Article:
Governors: The Next Generation of Moderates
Primaries in the last week make it more likely that, for better or for worse, there will be a new crop of centrist governors.
A few weeks ago a friend of mine posed a question to me. He noted that in the 1990s there were a crop of pragmatic, competent mayors who helped cities get back on their feet (at a time when urban America seemed to be in a spiraling decline). His question: At a time when state governments are in such fiscal trouble, are there candidates for governor this year who are promising in the same terms?
Yes, I have some pretty nerdy friends. I came up with a list of three Democrats and three Republicans who I consider to be fairly moderate or non-ideological and who also seem to have some interesting ideas when it comes to policy (I'm sure there are more out there, these were the first ones who popped into my head). The Democrats:
-Roy Barnes, Georgia
-Vincent Sheheen, South Carolina
-Bill White, Texas
I probably would add John Hickenlooper in Colorado to the list if I were to do it again. Here are the Republicans:
-Charlie Baker, Massachusetts
-Bill Haslam, Tennessee
-Rick Snyder, Michigan
What was striking to me when I wrote that is how unlikely it was that most of these candidates would actually win. The only one who you could say was a clear favorite in both the primary and general election was Haslam and even he struck me as someone who could easily have lost once voters started to pay more attention to his more conservative Republican challengers.
I bring this up now because Snyder won his tough primary this week with surprising ease and because Haslam ended up easily securing the Republican nomination. They, along with Hickenlooper (thanks to the problems Colorado Republicans are having), are now heavy favorites to win.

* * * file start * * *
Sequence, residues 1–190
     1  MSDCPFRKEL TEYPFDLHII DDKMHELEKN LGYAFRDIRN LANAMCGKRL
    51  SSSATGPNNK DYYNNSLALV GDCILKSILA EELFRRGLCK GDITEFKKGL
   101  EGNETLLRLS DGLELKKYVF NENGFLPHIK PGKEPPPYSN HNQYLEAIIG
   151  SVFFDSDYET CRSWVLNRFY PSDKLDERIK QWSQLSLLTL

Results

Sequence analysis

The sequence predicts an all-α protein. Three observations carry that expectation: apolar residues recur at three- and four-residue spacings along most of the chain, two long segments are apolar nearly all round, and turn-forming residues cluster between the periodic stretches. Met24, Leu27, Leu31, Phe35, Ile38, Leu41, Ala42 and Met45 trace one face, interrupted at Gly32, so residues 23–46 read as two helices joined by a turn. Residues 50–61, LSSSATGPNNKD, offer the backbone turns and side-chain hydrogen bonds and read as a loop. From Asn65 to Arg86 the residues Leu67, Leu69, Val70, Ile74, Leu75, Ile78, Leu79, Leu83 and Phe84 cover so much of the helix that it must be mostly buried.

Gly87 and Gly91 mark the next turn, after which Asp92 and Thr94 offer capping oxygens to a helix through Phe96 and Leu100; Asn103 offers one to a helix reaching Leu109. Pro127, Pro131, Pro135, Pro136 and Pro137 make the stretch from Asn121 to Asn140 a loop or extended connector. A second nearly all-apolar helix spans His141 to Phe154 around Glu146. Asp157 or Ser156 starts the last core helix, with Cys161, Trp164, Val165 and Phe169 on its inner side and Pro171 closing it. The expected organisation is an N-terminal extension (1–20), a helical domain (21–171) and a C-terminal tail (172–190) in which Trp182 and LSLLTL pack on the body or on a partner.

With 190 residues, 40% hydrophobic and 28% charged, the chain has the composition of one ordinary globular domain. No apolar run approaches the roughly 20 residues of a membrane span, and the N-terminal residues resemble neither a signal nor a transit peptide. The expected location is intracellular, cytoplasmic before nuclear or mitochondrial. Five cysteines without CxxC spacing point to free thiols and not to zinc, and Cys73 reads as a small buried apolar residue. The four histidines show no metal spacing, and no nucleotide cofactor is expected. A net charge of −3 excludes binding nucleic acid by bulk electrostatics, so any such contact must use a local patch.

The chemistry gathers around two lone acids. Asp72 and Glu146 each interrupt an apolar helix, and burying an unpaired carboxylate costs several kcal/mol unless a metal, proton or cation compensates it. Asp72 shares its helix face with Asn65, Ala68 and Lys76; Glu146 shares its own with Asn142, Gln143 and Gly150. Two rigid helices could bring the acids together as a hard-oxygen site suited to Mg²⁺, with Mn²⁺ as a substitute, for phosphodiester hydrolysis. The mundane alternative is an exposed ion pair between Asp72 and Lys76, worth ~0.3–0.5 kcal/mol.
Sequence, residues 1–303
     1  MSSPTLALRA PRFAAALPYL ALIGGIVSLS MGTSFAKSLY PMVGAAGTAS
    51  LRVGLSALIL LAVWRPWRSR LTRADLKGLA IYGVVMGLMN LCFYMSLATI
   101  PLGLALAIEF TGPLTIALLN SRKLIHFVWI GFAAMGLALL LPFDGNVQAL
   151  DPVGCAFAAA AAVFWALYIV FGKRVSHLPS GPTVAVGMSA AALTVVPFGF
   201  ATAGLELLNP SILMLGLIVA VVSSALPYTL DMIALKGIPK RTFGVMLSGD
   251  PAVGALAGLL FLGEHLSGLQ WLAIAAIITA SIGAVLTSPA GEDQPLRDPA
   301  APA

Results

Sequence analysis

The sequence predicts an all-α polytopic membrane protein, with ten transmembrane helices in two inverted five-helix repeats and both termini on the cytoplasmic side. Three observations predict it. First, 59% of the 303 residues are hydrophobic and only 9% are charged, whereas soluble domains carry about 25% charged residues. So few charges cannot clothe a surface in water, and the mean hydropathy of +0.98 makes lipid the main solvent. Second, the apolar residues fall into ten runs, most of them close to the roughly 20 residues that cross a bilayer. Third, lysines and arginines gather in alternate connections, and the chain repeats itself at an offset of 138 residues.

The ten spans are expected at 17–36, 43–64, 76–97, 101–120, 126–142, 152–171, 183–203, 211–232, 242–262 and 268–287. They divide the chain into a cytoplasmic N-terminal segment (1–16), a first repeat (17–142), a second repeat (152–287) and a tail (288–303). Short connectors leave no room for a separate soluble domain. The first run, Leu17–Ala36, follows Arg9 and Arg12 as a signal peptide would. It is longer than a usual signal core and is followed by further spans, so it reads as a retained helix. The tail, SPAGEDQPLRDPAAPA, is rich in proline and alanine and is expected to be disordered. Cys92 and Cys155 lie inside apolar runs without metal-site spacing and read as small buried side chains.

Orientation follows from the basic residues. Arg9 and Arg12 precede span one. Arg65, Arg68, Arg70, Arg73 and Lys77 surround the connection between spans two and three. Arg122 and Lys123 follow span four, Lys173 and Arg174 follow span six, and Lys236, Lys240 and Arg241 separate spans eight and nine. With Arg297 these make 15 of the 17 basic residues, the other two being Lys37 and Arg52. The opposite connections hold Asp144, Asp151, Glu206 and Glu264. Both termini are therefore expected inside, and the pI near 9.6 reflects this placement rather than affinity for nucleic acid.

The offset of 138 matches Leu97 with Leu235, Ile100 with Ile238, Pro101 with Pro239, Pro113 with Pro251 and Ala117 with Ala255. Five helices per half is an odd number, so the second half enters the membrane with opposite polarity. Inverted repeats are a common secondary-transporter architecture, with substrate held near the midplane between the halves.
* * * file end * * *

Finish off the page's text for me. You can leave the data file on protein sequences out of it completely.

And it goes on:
To be clear: What I DON'T want to say is that I expect these candidates to make better governors than anyone else running across the country. I tend to think that the most pervasive form of media bias is not liberal bias or conservative bias, but rather moderate bias.
The press tends to lionize anyone who is in the middle, even though throughout history the moderate position often has been the wrong position. Stephen Douglas' popular sovereignty in the territories was a centrist position in 1860, but also a morally repugnant one. Lincoln's opposition to slavery in the territories was right.
Still, it would at least be interesting to have a crop of governors who are creative thinkers and who are a little bit ideologically unpredictable. Whether that creative thinking results in public policy that is any good, well, that will be for history to judge.
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